One of the most terrible facts about diabetes, the condition that affects millions of people across the globe, is that you can develop it at any age. If you frequently have extra pounds, you will also be more prone to diabetes.
Although diabetes cannot be cured completely, there are ways to effectively manage the disease. Once you start such a treatment, the goal is to keep the blood sugar levels within a target range to prevent any complications and, at the same time, maintain overall health. The primary methods for treating diabetes include medications, lifestyle changes, and blood sugar monitoring.
If you haven’t heard about hemoglobin A1C before until now, you might have guessed that it has something to do with diabetes. Hemoglobin A1C, which is also known as HbA1c or simply A1C, represents the standard for measuring blood sugar management in the case of those who suffer from diabetes.
‘Normal’ A1C for non-diabetics?
If the A1C values are high, it usually means that the average blood sugar levels are high. As a result, the person getting tested might be at risk of diabetes, or the disease could exist in the body already.
Thanks to the American Diabetes Association (ADA), the following cutoffs have been established:
- If your A1C level is below 5.7%, it falls within the normal range, indicating minimal risk for type 2 diabetes. This suggests that your average blood glucose level is similar to someone without diabetes.
- In the range of 5.7% to 6.4%, termed “prediabetes,” the A1C level is higher than normal but not yet at the level to be diagnosed with type 2 diabetes. It signifies an increased risk of developing diabetes at some point in the future.
- An A1C level above 6.5% indicates a diagnosis of diabetes. The person’s average blood glucose level over the past few months aligns with those typically seen in individuals with type 2 diabetes.
- Monitoring and understanding A1C levels can provide valuable information about your risk for diabetes and guide appropriate preventive measures or treatment plans. Regular A1C testing helps in maintaining optimal blood sugar control and managing the condition effectively.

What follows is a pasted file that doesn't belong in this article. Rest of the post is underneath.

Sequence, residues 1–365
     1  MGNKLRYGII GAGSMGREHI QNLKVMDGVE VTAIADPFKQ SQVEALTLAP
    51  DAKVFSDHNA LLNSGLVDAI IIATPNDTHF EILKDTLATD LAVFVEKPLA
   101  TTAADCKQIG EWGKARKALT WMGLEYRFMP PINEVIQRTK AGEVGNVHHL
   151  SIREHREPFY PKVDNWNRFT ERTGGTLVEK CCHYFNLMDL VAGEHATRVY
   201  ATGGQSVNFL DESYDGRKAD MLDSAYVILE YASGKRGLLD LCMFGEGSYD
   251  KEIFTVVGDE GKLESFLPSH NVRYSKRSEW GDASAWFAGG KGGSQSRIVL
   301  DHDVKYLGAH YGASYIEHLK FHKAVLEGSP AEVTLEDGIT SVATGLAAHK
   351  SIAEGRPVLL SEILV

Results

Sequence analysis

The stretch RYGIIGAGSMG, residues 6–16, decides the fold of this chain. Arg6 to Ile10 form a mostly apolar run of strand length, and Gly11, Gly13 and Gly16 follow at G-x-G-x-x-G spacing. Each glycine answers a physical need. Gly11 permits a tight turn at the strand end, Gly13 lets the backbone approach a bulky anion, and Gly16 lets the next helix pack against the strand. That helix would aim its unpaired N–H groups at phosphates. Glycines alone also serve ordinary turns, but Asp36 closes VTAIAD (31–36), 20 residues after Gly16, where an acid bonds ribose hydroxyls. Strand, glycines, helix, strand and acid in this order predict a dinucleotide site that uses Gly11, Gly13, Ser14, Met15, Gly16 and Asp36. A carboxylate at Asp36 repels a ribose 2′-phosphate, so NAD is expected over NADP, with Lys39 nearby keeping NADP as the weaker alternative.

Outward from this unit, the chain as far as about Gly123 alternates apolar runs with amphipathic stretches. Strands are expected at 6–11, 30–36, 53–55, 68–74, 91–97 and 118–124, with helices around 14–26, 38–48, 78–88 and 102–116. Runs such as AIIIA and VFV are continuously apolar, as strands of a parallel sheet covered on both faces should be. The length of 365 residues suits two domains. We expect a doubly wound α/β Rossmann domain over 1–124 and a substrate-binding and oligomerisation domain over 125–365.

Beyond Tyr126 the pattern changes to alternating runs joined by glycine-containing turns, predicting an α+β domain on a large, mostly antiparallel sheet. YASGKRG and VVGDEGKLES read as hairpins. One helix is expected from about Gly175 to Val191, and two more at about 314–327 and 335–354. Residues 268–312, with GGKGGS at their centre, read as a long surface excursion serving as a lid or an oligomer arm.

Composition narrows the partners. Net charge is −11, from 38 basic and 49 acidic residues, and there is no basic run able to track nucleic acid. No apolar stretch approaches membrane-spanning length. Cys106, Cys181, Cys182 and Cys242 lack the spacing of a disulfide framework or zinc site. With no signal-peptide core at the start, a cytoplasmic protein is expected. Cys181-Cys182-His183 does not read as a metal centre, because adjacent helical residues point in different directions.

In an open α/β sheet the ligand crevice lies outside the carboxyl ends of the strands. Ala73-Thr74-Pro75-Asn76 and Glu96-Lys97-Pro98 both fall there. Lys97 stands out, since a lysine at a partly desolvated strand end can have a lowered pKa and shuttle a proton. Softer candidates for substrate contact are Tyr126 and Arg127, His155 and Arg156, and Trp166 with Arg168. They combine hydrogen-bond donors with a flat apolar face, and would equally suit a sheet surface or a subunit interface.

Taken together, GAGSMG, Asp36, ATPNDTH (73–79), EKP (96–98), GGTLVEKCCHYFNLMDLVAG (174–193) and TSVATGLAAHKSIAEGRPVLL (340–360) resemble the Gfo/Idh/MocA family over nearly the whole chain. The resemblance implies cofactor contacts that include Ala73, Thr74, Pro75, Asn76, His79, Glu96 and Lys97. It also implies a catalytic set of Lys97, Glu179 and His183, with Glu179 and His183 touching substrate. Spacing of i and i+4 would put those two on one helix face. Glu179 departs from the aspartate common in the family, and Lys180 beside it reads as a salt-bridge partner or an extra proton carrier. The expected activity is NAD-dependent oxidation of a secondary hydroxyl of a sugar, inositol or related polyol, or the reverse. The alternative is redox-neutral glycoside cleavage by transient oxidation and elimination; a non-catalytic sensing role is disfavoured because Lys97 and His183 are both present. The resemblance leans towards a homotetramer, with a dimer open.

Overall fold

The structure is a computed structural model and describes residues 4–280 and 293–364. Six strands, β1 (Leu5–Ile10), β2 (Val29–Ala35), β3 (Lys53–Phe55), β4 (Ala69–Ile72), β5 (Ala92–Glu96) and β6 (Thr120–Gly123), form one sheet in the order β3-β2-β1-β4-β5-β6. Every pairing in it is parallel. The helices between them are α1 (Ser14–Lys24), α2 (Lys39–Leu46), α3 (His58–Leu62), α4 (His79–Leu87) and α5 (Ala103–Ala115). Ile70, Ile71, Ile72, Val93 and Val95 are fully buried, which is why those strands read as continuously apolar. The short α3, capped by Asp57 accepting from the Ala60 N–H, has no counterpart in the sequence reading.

Can A1C results be false?
If your body has very low iron levels, a falsely high A1C result can occur. If you suffer from anemia caused by iron deficiency, for instance, an A1C result could be false. However, you need to keep in mind that other causes for false A1C results include liver disease and kidney failure.
Iron is extremely important for our bodies. The chemical element is used to make hemoglobin, which is a protein located in red blood cells responsible for carrying oxygen from the lungs to all areas of the body. Iron also helps in the production of myoglobin, meaning a protein responsible for providing oxygen to muscles. We also need to know that iron also helps in the production of specific hormones.
Here are some important benefits of iron supplementation:
- Improving immunity
- Minimization of bruising
- Boosting hemoglobin levels
- Reducing fatigue
- Improving cognition
- A better athletic performance
Healthcare professionals can assess long-term glycemic control without relying on daily or frequent blood sugar monitoring. By measuring A1C, those who suffer from diabetes can gain valuable insights into their overall blood sugar management and assess the effectiveness of their treatment plan.
A1C provides a snapshot of average blood sugar levels over a period of 2 to 3 months. Studies have established a clear connection between higher A1c levels and an increased risk of complications related to diabetes, such as kidney and nerve diseases.
The significance of A1c lies in its ability to gauge the effectiveness of diabetes management. By diligently working to lower A1c levels, individuals with diabetes can significantly enhance their overall health and reduce the risks associated with the condition.